3D printed kayak/canoe parts: anyone know of a 3D printing co. able to print generic boat parts? ie., deck beams, coamings, scarfed gunwale pieces, amas/floats/outriggers, etc.
-Upcoming build: F1 with pointy w. greenland bow/stern stems
-Ribs: time for lightweight aluminum, recycled plastic, ocean plastic, honeycomb, composite??
-Stringers/keel/chines: carbon fiber tubing? Aluminum?
-Interested in a waterproof sailcloth material for the covering, no 2-part urethane.
-Dual jetboard lithium ion propulsion, possible. DIY kit out there?
Tippy kayak. Like paddling on a circus high wire. Ribs too round at center. Remedy? Massive 5′ amas, although 2.5ft. probably would have done the job. Next kayak will be 28″ wide.
Experimenting with trimaran hulls. Sail to come later. 12′ mast?
Planning on making a couple W. Greenlands over the next few months using a variety of materials. I like customizing my boats so I’ll be using the plans as a guide.
Jig day took much longer than expected. Good way to sharpen the skills. Made 48″ steam box for kayaks and a 66 canoe after canoe updates are published this year.Part making day took time, too. Using a circular saw, jig saw and hand saw to cut out the puzzle parts to put these kayaks together. Scarfing the joints will be next.
By adding a large “B” and “S” on the gunnels at the bow/stern with appropriate arrow orientation for forward/up helped me a few times from mixing up the ends. Made a couple snake knot paracord handles for kayak ends. May or may not use. Will be using the drill and chisel method for the upcoming mortises.
Doing the rib mortises by hand took over an hour, but relatively easy. Used a Forstner 1/4 bit and depth stop collar to even out the bottom of the mortises flat, which helped. The results look like a pocket knife was used to do the job. Maybe I’ll use a small ax to finish building the kayaks to complete the look.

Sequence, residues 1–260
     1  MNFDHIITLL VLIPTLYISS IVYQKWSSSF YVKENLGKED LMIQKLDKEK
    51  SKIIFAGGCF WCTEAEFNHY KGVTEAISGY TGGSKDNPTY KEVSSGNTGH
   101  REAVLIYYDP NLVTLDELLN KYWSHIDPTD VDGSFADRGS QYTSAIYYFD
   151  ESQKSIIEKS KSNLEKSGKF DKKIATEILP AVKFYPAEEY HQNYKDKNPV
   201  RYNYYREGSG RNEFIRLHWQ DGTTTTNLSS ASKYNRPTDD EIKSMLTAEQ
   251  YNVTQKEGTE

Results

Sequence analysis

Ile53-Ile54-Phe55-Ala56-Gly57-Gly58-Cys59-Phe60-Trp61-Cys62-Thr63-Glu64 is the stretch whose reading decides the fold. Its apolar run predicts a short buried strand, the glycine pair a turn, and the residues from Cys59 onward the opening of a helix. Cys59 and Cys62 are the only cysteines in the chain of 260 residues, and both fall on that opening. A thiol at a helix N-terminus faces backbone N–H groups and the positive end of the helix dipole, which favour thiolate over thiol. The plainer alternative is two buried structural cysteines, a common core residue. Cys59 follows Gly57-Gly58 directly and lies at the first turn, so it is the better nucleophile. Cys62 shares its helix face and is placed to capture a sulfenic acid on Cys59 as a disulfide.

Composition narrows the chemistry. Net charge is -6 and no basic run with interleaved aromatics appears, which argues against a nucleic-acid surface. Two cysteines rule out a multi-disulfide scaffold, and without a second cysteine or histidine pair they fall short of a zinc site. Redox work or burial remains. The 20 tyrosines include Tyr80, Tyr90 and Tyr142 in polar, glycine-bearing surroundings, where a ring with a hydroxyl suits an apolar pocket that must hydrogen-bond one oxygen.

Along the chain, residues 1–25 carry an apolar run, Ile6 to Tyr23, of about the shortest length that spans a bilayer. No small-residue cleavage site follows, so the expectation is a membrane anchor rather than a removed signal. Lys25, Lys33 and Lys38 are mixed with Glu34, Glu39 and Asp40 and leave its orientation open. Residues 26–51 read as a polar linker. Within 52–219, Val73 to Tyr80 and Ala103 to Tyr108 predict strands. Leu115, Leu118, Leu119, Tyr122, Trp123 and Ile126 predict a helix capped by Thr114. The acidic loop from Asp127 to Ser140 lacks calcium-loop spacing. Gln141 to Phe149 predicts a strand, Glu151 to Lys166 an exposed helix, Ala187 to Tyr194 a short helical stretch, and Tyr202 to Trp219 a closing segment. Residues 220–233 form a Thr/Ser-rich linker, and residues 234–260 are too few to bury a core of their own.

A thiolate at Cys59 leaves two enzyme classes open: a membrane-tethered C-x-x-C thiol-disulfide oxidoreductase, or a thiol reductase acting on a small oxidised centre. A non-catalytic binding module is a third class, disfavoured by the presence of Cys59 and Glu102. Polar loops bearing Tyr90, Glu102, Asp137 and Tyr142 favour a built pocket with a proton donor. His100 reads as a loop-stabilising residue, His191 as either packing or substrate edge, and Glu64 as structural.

Just finished the gunnel deck beam mortises w/o a router – not fun. Should have used a router. My mortises look like a group of hungry mice started gnawing on the gunnels looking for delicious Wisconsin cheese and when they didn’t find any, they continued gnawing on the wood as payback. The entire thing looks this way.
Laying out the deck beams…decided to avoid a common mistake and shaded in the deck beam pieces to be removed on all 5-sides. Marking that “T” for the Tenon quadrant/location and adding a directional arrow pointing forward towards the bow on each deck beam is a must, too. Video/plan combo teaching method is a great idea.
Time to rib it…
Favorite new tool is the Slick Plane. It took a few tries to set it up but it works so well for rounding sharp edges.
Made second W. Greenland 2″ wider than the original. Using some old, larger keyhole coamings for the build. Not looking for a performance boat. Bracing with the foot pegs and back band should be fine.
Rib bending went ok. Chose not to go to store for wallpaper steamer during this time period and used the PVC pipe rib boiling method. Used an oil funnel to fill water to top. Didn’t take much. Boiled mine for around 10 min. Used a clamp to keep the pre-soaked ribs from sinking down pipe. Had to whip out the heat gun for a few ribs that dried a little out of shape. Worked great.
Added stringers and stems. Really liked the power planer for doing the ends of those stringers. Slick.
Finished the frame of one w. greenland. Super fun but wow did that take a long time! Every time I went to do something rather simple on the boat, it turned into a big production of shavings and tools all over the place.
Removed the 6th rib for heel clearance and opted for the x-rib instead. Installed the free foot brace piece of wood greenland style. Nice.
Enlarged keyhole coaming makes entry super easy and should be comfy for legs on the lake.
Another W. Greenland…v2
Deck is complete on 2″ wider 23.5″ beam of w. greenland, ready to bend ribs and get started. Again. This kayak should be easier. Boats are skinned and ready for waterproofing…
Done. 2 kayaks took around 1.5 months to build of very part-time work.
Just finished some trimaran floats. Used cam straps to attach floats to laminated gullwing cross beams. Cam straps attach crossbeams to hull wrapped underneath. Should be interesting. If it works, will add a sail to top deck later on, probably fastened to crossbeams.
If cam straps don’t work, will switch to bike inner tubes, sliced into strips.
Definitely won’t make skin on frame floats again, too time consuming. Will do the surf board foam/fiberglass approach. Plywood sandwiched between foam blocks then shaped and glassed.